Analyzing pollen dispersal of seraya (Shorea curtisii) to promote healthy seed production to sustain forest regeneration
Trees of timber species larger than 50 cm in trunk diameter at breast height (dbh) are being harvested in ongoing selective logging operations in Malaysia. This is a critical issue as these activities often result to a reduced number of healthy seedlings due to poor seed dispersal across logged-over areas and unsuccessful cross-mating among remaining adult trees.
This research addresses the problem by applying genetic paternity analysis of seeds to identify pollen dispersal patterns and by studying the relationship between tree size (dbh) and male fecundity (i.e. pollen production). It was done in order to come up with a proposal for forest management agencies in Malaysia to revise the selective logging criterion. The results of the study are expected to promote healthy seed production and consequently effect the development of a sustainable forest regeneration program.
Microsatellite genotypes were determined for all adult individuals in an undisturbed forest plot and seeds were collected in three synchronized flowering events for seraya (Shorea curtisii). Seraya is one of the major timber species in hill dipterocarp forests of Peninsular Malaysia where selective logging has been undertaken. Paternal donor of each seed was identified by comparing the genotypes of the seed, the mother tree and the paternal donor (paternity analysis). A model based on paternity analysis estimated pollen dispersal patterns.The average pollen dispersal distance was measured to be short at 60 m (Fig. 1).
The current harvesting criterion (dipterocarp trees larger than 50 cm dbh are felled) lowers the density and increases the distance between remaining adult trees, thereby decreasing the chances of pollen reaching other trees. Increasing remaining tree density helps promote cross-mating and improve the production of healthy seeds. Male fecundity of each adult tree estimated from the model based on paternity analysis showed that small-sized trees less than 50 cm in dbh left after selective logging seldom produced pollen (Fig. 2), resulting to fewer seeds produced from cross-mating. Selective logging simulation revealed that conserving the middle-sized trees(70-90cm dbh) ensured about 50% of outcrossing pollen produced to be retained, which was higher than the current logging protocol (5-15%, logging larger than 50 cm trees). This research established pollen dispersal patterns and studied the relationship between tree size (in dbh) and pollen production. The results will be compiled in support of the proposal to the Selangor Forest Department for a revised selective logging criterion to rejuvenate healthy cross-mating of seraya and consequently, sustain forest regeneration.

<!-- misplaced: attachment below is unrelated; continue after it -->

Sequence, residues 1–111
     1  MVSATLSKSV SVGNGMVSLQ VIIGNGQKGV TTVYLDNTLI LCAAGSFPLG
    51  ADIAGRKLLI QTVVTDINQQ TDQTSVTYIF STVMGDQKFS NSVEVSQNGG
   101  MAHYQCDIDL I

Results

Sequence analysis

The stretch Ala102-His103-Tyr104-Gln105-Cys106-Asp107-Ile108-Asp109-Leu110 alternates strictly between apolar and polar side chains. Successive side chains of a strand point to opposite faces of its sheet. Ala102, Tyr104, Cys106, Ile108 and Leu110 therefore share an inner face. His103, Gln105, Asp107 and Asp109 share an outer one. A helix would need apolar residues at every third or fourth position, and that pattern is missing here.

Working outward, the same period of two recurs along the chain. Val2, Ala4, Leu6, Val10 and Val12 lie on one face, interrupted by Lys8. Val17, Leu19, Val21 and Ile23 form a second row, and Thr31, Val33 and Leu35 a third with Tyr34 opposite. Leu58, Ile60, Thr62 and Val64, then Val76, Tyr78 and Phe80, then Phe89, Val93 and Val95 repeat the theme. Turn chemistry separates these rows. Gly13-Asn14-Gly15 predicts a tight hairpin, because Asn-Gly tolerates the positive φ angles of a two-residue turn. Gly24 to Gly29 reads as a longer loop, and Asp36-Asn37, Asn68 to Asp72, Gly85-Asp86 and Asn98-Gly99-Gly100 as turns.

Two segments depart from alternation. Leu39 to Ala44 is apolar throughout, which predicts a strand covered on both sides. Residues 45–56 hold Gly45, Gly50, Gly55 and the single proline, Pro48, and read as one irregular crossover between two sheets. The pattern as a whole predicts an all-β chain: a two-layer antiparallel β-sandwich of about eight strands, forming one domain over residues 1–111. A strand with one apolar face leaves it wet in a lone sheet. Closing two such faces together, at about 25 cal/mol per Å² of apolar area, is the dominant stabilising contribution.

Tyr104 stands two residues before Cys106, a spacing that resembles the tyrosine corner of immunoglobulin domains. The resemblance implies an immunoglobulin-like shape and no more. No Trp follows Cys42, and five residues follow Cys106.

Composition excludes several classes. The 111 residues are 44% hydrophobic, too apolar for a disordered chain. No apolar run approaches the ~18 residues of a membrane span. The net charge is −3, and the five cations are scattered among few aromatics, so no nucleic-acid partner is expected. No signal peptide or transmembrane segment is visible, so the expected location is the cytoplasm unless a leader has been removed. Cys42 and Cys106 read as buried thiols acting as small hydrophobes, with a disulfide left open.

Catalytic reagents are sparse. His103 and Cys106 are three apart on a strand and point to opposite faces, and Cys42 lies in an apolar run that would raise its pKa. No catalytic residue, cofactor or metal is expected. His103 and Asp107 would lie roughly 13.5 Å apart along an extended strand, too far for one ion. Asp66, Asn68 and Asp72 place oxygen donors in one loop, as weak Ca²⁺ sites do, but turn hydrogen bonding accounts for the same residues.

Forestry Division, Japan International Research Center for Agricultural Sciences
FY 2011 （FY 2005-FY 2015）
- KAKEN Researcher No.:90343798
- KAKEN Researcher No.:20353774
- KAKEN Researcher No.:70353795
Tani et al.(2012) Journal of Ecology 100(2):405-415